This is a the second painting in a new body of work for which I haven't yet entirely thought out the corresponding artist statement. It is an exploration of painting, layering, and intertextuality. It is a painting created by the combining, editing, and reworking of several machine learning versions prompted by a slew of words, ideas, and phrases regarding fashion and art. The work is meant to be a discussion of the artist versus technology.


Juror's Prize

T.I.M.E. DaArtist, Baile Típico


acrylic yarn on monks cloth, 23 1/2" x 32 1/2", 2023, $950


This art work is an illustration of a Panamanian tribal dance “Baile Típico” & comes in a plethora of different dance styles like “El Tamborita” which is one of many dances. The dress you see the woman wearing is called “Pollera” and behind the woman is a geometric pattern called “La Mola.” La Mola is owned by the Kuna tribe, a print of the indigenous people of Panama. This form of art work is originally displayed on clothing. They’re often decorated with intricate needle work & many feature Panamanian tribal symbols. I designed mine with colors of the Panamanian flag.


Juror's note: T.I.M.E. DaArtist’s Baile Típico is defined not only by its beautiful and precise craftsmanship, but by the symbolism that flows through every aspect of the piece. Its colors, patterns, and the figure’s dress all reference traditional indigenous Panamanian culture. The juror enjoyed connecting these elements to the artist’s statement and learning about the intersection of dance, fashion, and culture.


Jennifer Davis Carey, Imagining Cahokia


vitreous enamel on copper, wood, feathers, 15” x 10” x 4”, 2022, $300 (sold)


Enameling, the fusing of finely ground glass to metal, is an ancient art dating to the Bronze Age. Requiring precise firing at temperatures generally between 1400 and 1650 degrees, the process renders permanent the vibrant transparent, opalescent, and opaque colors of glass frit. It is a medium placed firmly in the zone where art and craft merge.

Imagining Cahokia is informed by recent archaeology in Illinois of a city populated by indigenous people from about 1050-1350 CE. Cahokia represents the northern-most reach of the great civilizations of Mexico and Central America. Cahokia residents were renowned for their copper work.


Jessica DeHaemer, Autumn Leaves


hand-woven and hand knotted with wool, cotton, and acrylic yarns, recycled silk sari, recycled cotton sari, banana fiber yarn, recycled tee shirt fabric, 16" x 36", 2022, $400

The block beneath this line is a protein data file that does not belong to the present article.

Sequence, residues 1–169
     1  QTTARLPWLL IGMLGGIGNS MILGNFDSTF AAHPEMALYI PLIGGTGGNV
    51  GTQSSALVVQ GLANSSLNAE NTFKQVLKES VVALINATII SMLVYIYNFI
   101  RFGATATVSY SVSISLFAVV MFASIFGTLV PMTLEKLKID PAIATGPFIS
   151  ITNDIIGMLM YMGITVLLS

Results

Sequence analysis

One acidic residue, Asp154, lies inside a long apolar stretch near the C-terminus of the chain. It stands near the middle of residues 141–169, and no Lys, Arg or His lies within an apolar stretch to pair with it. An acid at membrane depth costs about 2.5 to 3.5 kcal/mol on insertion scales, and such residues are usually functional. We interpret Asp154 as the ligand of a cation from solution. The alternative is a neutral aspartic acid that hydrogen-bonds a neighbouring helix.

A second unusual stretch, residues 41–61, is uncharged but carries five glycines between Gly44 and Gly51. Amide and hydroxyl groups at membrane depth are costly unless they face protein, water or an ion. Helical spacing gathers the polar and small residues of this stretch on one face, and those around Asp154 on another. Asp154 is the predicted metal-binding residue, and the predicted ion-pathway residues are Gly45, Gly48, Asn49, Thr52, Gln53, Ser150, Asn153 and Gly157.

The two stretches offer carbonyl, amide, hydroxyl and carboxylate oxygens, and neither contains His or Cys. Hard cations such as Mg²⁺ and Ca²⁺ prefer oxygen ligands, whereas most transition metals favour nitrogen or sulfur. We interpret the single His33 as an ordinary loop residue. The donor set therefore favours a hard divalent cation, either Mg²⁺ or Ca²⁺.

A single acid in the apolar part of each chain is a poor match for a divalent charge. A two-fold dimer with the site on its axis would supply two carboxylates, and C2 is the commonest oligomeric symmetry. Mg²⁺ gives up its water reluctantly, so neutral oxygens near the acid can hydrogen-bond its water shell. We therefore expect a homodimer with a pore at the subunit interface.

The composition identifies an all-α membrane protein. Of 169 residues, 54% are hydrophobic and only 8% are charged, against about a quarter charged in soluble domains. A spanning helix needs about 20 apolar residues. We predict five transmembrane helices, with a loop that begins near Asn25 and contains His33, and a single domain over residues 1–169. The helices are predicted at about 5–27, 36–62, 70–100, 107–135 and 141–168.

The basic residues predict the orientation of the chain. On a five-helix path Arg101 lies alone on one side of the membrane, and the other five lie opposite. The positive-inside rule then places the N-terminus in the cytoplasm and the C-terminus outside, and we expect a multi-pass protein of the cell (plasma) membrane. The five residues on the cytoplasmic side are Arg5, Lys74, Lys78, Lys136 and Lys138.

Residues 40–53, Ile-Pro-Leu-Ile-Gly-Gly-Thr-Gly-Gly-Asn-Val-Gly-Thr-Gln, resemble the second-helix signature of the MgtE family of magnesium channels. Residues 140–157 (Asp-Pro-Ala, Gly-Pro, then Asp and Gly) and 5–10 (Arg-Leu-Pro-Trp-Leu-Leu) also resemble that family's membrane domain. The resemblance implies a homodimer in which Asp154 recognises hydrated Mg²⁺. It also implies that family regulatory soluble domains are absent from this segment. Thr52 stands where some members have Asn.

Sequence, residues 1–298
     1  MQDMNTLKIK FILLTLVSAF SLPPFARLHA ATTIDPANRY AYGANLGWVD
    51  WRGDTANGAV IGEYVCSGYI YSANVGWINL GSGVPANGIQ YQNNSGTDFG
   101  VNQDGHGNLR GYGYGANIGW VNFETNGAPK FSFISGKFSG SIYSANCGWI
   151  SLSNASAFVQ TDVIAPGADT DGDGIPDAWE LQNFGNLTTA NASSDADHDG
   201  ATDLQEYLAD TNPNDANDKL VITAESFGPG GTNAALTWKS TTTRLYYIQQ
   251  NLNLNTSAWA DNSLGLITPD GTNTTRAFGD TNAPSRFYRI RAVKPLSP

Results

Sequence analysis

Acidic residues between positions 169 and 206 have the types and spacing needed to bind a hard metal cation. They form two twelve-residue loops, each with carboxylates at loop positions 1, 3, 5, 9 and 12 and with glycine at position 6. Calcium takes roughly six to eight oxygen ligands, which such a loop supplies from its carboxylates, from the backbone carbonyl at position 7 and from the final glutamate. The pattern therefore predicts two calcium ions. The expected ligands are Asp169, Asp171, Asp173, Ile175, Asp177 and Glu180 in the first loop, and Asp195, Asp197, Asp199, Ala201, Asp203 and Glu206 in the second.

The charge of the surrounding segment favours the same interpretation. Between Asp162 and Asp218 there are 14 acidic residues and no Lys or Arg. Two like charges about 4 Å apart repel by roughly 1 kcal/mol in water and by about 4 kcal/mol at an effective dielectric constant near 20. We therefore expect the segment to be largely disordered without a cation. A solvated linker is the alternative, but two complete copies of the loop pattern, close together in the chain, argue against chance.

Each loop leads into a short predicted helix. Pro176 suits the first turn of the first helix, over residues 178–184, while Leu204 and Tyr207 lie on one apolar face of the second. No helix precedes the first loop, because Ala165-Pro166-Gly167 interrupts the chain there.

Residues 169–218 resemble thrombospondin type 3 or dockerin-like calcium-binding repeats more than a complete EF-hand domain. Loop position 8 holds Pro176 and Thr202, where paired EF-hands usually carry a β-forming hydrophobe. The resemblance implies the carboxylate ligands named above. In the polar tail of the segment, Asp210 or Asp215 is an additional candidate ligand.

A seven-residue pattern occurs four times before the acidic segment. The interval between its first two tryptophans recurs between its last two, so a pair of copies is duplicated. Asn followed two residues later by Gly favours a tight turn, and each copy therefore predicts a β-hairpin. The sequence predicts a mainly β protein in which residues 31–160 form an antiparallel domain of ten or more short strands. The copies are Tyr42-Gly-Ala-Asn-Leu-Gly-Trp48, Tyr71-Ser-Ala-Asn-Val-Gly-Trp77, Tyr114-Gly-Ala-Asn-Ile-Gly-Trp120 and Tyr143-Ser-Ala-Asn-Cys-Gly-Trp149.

Building upon the ancient tradition of hand weaving textiles, the artist hand weaves and hand knots freeform designs for her tapestries on a frame loom. The artist uses a mix of fibers such as recycled sari fabric, banana fiber yarn, and recycled tee shirts, along with traditional wool, silk, cotton, and acrylic yarns. Many are hand spun and hand dyed in traditional ways by other local artisans. The inspirations for her highly textural and colorful work are primarily landscapes and seascapes.

Alice Dillon, Key Portrait


thread on fabric, 10" x 20", 2022, Not For Sale


Kristi DiSalle, Radial Waves


yarn, acrylic paint, 24" diameter, 2022, $175


This piece is about color, texture, and movement. The cool colors are meant to recall ocean waves and their constant motion. As the waves undulate around the center, they draw the viewers' attention to the woven portion of the piece. The radial weaving maintains the motion of the waves as it weaves into a textured central focal point.


Annamarta Dostourian, Wearing the World (Heliacal Rising of a Star as Seen from a Blue Planet)


jeweler's wire, copper & industrial wire, Czech and Japanese crystal & glass beads, copper beads, wood, 24" x 13" x 20", 2018, $900


I envision my sculptural headdresses/apparel are magical windows allowing glimpses into unseen worlds when worn as living sculpture, allowing all people to wear crowns. I seek to resacralize apparel just as garments of antiquity signified dialogue with sacred dimensions.

References for this piece come from such sources as art historical depictions of globes/maps, Carahunge, ancient astronomical observatory in Armenia (5,500 BC) and science fiction cinema costume.